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Are you drinking safely? A realistic guide to safe drinking

Are you drinking safely? A realistic guide to safe drinkingOur aim is not to spoil your fun nor to over dramatise the dangers but to be honest about alcohol and the short and long term effects.
In a commercially driven world we are surrounded by adverts encouraging drinking. There has been an increased number of different brands of Gin and Vodka in the shops recently with attractive shaped bottles with eye-catching labels and images of happy couples enjoying a drink. They never show a picture of someone vomiting in the gutter or legless by the pool because the reality is that there is a down side which goes beyond the morning hangover.
If you want to continue to enjoy those sundowners you may be interested in reading this article rather than dismissing it as yet another sermon on the evils of drink. Trust me it’s not about that. It’s about a realistic view on drinking alcohol in it’s many guises.

Alcohol is a drug which relieves anxiety, lifts inhibitions and it is pleasantly, mildly euphoric but when used to excess it is dangerous and causes misery, illness and death. Is it a friend or foe? Surprisingly alcohol is not particularly addictive; unlike for example cocaine or heroin and for the vast majority of people who drink, it does not become a problem. However, alcohol abuse and dependency are real issues for about 8% of the adult population with significant consequences for themselves, their families and society as a whole.

Safe Drinking
Over 90% of the adult population are not dependent on alcohol but nevertheless may have problems from drinking too much or inappropriately. A proportion will go on to drink more and eventually lose control so alcohol has an ability to slowly cause addiction over many years. The UK Government has produced guidelines on sensible drinking.

The unit system introduced by the British and other Governments gives a fair estimation of how much is drunk and how safe it is. The limits are: 14 units per week for both men and women. These unit limits are based on sound medical research and it is now deemed relatively safe for most men and women to drink up to 3 units a day for 5 days a week with 2 days a week abstinence. These 2 days of abstinance are important for the liver to ‘rest’ from being overworked processing the toxins from drinking alcohol. The liver’s role is not just a filter for alcohol but an important processing unit for everything we eat and drink that is absorbed into the blood.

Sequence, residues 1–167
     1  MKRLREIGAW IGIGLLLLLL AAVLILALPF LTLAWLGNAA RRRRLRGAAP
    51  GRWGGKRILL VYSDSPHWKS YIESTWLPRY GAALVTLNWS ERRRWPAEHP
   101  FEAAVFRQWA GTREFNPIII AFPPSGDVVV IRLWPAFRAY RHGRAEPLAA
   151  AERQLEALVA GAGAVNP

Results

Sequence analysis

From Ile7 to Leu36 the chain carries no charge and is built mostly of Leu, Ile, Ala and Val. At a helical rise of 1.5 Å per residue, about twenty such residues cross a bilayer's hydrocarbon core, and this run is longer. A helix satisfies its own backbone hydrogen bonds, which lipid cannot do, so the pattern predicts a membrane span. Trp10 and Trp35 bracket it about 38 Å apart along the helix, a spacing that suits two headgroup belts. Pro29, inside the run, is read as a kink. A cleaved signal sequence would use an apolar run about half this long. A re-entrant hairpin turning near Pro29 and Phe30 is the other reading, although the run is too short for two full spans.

OK, occasionally we may drink a unit or two over the recommendations. Let’s not beat ourselves up when this happens but when it happens frequently we really should look at our drinking habits and make some changes. No drinking is risk free but we can minimise the risks by keeping to the guidelines.

What are ‘units’ of alcohol?
Calculating the amount of units you are drinking is easy. A fairly accurate guide is one litre of the alcoholic beverage is equal in units to the percentage alcohol of the drink. One litre of beer of 4.6% alcohol is 4.6 units; one litre of Gin at 40% alcohol is 40 units. Spirits are sold in the UK in 25 ml measures and there are 40 measures in a litre bottle. Therefore 1 single measure of spirit is equal to 1 unit of alcohol. Simple isn’t it?
But be careful when the drink is poured from the bottle and not measured. A double or triple measure isn’t unusual. The average man or woman can safely drink 14 single measures of spirits, 1 litre of wine or 4.5 litres of beer per week.

The unit system is only a guide and does not represent a definition of when drinking is acceptable on health. For some people, just a couple of drinks triggers a change in personality, affecting relationships and to drink even a single alcoholic drink before driving always impairs performance and judgement. Alcohol affects our perception and after an alcoholic drink our perception of our ability is always greater than reality. For these people, avoiding alcohol altogether is probably the best policy.

The setting and time of drinking is also important when assessing safety. Be aware drinks poured at home or in the homes of friends and family are almost inevitably larger than those in bars and restaurants.

Tips for safer drinking

If you are drinking more than you should, the following tips might be helpful: